Keeping the careless at bay - People who do not read instructions will often misuse Assign Initial Coordinate System by thinking it is used to change a coordinate system that has already has been correctly assigned.   They want to change projection from what they think is Pseudo Mercator to some local projection, they click on the coordinate system picker button and the only choice they see enabled  is Assign Initial Coordinate System, with the Change Coordinate System choice disabled.  So they choose Assign Initial Coordinate System and proceed to choose the projection they want.   


The result is total chaos because first, the initial coordinate system has now been wrongly assigned, and second, the red text that was used to warn that the coordinate system was probably wrong will now be replaced with black text and the coordinate system that they specified.


Instead of changing the projection they take a perfectly good image or drawing that was ready to be made useful through intelligent use of Assign Initial Coordinate System, and they assign the wrong coordinate system to that data.  


Prevent this problem by ensuring all people who you allow to work with your data know that when they see red text and the sole choice of Assign Initial Coordinate System they should not do anything further before checking with you.   Forbid them from using Assign Initial Coordinate System until you review their work and have verified they can be trusted not to misuse the command.



Synonyms -  The terms projection and coordinate system are used as interchangeable synonyms in Manifold.  Cartographers favor the term projection while programmers seem to prefer coordinate system.  This documentation uses the two terms interchangeably, with the term projection tending to be used more in GIS or display contexts and the term coordinate system tending to be used more when discussing programming, SQL or standards.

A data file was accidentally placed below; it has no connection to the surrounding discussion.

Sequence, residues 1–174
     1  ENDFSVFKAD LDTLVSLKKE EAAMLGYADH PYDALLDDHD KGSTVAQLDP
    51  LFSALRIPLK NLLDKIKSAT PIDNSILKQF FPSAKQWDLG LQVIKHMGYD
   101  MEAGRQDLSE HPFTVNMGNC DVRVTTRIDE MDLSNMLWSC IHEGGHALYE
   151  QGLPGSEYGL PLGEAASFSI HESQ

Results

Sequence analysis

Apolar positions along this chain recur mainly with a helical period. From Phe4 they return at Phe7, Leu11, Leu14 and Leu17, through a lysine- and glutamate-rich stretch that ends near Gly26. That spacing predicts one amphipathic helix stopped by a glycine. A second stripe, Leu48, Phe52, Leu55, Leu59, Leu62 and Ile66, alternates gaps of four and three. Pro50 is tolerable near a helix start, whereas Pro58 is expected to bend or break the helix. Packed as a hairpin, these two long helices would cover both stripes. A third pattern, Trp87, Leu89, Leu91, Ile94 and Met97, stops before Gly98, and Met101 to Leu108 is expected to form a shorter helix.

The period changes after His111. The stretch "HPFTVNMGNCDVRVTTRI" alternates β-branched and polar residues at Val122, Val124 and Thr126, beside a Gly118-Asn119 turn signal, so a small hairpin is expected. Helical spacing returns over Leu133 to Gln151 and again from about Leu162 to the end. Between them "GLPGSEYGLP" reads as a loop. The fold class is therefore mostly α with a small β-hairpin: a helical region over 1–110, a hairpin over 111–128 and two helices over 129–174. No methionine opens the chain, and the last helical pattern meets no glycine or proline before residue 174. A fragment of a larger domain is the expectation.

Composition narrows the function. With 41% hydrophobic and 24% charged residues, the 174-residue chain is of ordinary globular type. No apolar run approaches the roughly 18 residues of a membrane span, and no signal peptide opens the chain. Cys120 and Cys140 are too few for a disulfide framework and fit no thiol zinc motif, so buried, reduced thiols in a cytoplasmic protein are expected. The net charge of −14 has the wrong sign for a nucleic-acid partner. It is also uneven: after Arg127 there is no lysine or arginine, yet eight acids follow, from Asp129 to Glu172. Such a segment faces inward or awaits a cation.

Trust Manifold - If the coordinate system readout for a component appears in red text in the Component pane and Manifold allows only the choice of Assign Initial Coordinate System from the coordinate system picker button, we should not argue with the system, no matter how sure we are that the data that was imported or linked came with a specification of initial coordinate system.   Believe the initial coordinate system was not specified and use the command to specify it manually.


Data that is thought to contain coordinate system info frequently does not.   People forget to include necessary files, files get damaged when edited by the wrong software (see the commentary on killing GeoTIFFs in the TIF topic) and sometimes people publish data assuming everybody on Earth will by default use exactly the same coordinate system they do, so they do not include all info required for those who do not base all thought upon Universal Transverse Mercator Zone 42 (S).


See Also

Component Pane






Repair Initial Coordinate System


Change Coordinate System


Map Projection


Coordinate System


Base Coordinate System


Favorite Coordinate Systems


Favorite Base Coordinate Systems


Example: Convert a 0 to 360 Degree Projection - We often encounter data, both images and drawings, using latitude and longitude degrees that appears to be in Latitude / Longitude projection but which has longitude values from 0 degrees to 360 degrees and latitude values from 0 degrees to 180 degrees, instead of the usual arrangement of -180 degrees to 180 degrees for longitude centered on the Prime Meridian, and -90 degrees to 90 degrees for latitude centered on the Equator.  This example shows how to utilize such data by assigning the correct projection.


Example: Assign Initial Coordinate System - Use the Component pane to manually assign an initial coordinate system when importing from a format that does not specify the coordinate system.


Example: Change Projection of an Image - Use the Change Coordinate System command to change the projection of an image, raster data showing terrain elevations in a region of Florida, from Latitude / Longitude to Orthographic centered on Florida.


Example: Adding a Favorite Coordinate System - Step by step example showing how to add a frequently used coordinate system to the Favorites system.


Example: Detecting and Correcting a Wrong Projection - A lengthy example exploring projection dialogs and a classic projection problem.  We save a drawing into projected shapefiles and then show on import how a projection can be quickly and easily checked and corrected if it is wrong.


Re-Projection Creates a New Image - Why changing the projection of an image creates a new image.


About Coordinate Systems


Projections Tutorial